Two ethics experts compared it to the case of Armstrong Williams in 2005, when it was revealed that the Bush administration had paid the prominent pundit to promote its education policy, No Child Left Behind, on his nationally syndicated television show.
Herald staff writers Jasmine Kripalani, Luisa Yanez, Casey Woods and Alfonso Chardy contributed to this report.
source: http://www.miami.com/mld/miamiherald/15466239.htm 8oct2006
The Bush administration’s Office of Cuba Broadcasting paid 10 journalists here to provide commentary on Radio and TV Martí, which transmit to Cuba government broadcasts critical of Fidel Castro, a spokesman for the office said Friday.
The group included three journalists at El Nuevo Herald, the Spanish-language sister newspaper of The Miami Herald, which fired them Thursday after learning of the relationship. Pablo Alfonso, who reports on Cuba for El Nuevo Herald, received the largest payment, almost $175,000 since 2001.
Other journalists have been found to accept money from the Bush administration, including Armstrong Williams, a commentator and talk-show host who received $240,000 to promote its education initiatives. But while the Castro regime has long alleged that some Cuban-American reporters in Miami were paid by the government, the revelation on Friday, reported in The Miami Herald, was the first evidence of that.
In addition to Mr. Alfonso, the journalists who received payment include Wilfredo Cancio Isla, who writes for El Nuevo Herald and received about $15,000 since 2001; Olga Connor, a freelance reporter for the newspaper who received about $71,000; and Juan Manuel Cao, a reporter for Channel 41 who got $11,000 this year from TV Martí, according to The Miami Herald, which learned of the payments through a Freedom of Information Request.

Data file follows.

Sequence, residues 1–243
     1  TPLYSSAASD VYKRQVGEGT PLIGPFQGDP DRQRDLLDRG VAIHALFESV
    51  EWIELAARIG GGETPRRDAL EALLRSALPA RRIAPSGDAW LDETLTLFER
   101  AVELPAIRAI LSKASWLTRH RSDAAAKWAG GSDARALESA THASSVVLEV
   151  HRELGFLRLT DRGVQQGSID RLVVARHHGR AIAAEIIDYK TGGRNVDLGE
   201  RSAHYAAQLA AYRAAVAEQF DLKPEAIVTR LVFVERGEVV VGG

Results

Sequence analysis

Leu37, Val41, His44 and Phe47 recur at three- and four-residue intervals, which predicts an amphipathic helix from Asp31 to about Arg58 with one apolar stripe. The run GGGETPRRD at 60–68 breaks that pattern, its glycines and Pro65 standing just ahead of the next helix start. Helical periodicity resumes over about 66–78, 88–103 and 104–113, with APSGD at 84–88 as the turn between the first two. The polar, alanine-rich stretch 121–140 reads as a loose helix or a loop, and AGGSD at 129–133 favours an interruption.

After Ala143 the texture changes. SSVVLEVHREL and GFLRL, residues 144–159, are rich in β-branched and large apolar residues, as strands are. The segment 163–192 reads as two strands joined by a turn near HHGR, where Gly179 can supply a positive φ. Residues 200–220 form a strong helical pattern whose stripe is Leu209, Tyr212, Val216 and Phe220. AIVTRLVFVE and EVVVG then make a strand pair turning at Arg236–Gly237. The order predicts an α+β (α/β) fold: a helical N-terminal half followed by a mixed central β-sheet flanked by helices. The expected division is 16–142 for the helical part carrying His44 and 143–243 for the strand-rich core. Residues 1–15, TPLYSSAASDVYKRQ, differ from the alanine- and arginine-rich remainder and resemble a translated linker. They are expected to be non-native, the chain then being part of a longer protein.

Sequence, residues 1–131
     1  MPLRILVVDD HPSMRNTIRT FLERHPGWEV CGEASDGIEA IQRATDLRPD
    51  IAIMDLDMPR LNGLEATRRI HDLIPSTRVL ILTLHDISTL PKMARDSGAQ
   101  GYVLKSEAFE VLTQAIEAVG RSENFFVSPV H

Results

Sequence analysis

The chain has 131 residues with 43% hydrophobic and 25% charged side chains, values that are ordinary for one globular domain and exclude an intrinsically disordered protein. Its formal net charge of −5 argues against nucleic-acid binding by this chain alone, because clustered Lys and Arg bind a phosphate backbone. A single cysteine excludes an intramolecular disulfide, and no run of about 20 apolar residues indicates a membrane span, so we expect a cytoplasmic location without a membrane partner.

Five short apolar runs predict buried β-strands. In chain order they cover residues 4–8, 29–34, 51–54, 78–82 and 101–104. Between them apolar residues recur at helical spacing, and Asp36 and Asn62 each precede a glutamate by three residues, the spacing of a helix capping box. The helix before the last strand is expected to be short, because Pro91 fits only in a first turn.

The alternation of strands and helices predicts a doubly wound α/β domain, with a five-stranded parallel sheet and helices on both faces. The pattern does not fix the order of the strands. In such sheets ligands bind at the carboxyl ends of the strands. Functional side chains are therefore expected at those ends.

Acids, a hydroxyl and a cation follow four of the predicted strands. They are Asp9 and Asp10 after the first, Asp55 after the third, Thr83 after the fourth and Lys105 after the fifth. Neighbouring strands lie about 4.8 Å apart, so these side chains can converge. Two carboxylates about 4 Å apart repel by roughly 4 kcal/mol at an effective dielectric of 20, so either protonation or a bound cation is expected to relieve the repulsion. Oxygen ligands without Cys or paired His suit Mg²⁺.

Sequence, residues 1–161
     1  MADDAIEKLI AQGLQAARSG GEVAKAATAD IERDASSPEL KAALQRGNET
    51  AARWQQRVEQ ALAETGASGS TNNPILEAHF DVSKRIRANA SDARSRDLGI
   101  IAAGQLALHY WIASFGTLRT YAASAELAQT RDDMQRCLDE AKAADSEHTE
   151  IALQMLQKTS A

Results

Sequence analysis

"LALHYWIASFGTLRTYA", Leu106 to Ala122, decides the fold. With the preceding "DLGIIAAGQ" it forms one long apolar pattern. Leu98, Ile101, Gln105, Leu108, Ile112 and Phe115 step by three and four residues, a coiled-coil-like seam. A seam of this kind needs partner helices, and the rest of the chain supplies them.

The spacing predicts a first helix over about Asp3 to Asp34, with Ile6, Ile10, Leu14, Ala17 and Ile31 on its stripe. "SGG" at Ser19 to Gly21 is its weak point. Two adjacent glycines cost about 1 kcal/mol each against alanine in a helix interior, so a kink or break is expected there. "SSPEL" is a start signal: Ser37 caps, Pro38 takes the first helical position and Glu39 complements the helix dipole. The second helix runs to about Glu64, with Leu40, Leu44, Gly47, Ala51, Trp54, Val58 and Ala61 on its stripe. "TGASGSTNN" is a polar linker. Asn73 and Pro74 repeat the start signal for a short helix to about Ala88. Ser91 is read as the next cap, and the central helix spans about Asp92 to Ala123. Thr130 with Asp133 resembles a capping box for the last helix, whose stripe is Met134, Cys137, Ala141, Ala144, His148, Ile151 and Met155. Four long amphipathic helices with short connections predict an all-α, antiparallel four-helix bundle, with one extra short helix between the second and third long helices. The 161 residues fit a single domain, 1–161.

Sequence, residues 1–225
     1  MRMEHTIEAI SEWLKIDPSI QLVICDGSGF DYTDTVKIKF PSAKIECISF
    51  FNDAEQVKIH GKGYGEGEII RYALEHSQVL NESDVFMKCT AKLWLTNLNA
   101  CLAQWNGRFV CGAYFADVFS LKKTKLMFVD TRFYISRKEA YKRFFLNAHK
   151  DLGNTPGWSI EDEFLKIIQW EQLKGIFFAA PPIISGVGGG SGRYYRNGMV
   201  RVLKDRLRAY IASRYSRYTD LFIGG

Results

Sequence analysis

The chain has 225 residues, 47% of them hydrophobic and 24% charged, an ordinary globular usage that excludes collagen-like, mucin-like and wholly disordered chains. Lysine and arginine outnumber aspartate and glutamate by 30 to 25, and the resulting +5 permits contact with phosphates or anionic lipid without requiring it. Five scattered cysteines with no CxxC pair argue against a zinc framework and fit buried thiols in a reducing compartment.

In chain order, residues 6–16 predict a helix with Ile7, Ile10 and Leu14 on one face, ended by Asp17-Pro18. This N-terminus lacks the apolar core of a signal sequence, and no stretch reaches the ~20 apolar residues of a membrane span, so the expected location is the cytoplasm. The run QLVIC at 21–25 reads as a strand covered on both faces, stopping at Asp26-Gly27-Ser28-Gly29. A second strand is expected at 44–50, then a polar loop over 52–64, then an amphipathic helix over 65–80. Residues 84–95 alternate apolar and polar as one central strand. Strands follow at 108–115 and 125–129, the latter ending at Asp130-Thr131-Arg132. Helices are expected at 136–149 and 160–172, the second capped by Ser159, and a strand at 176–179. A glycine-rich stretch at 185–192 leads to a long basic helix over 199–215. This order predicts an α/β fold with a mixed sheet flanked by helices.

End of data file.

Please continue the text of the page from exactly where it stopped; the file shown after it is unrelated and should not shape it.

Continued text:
When Mr. Cao followed Mr. Castro to Argentina this summer and asked him why Cuba was not letting one of its political dissidents leave, Mr. Castro called him a “mercenary” and asked who was paying him.
Mr. Cao refused to comment Friday except to say on Channel 41 that he believed the Cuban government knew in advance about the article in The Miami Herald. Most of the other journalists could not be reached. Ninoska Perez-Castellón, a commentator on the popular Radio Mambí station here, said she had received a total of $1,550 from the government to do 10 episodes of a documentary-style show on TV Martí called “Atrévete a So”ar,” or “Dare to Dream,” and saw nothing wrong with it. Her employer has always known about the arrangement, she added.
“Being Cuban,” Ms. Perez-Castellón said, “there’s nothing wrong with working on programs that are on a mission to inform the people of Cuba. It’s no secret we do that. My face has always been on the shows.”
But Al Tompkins, who teaches ethics at the Poynter Institute for Media Studies in St. Petersburg, called it a conflict of interest for journalists to accept payment from any government agency.
“It’s all about credibility and independence,” Mr. Tompkins said. “If you consider yourself a journalist, then it seems to me it’s an obvious conflict of interest to take government dollars.”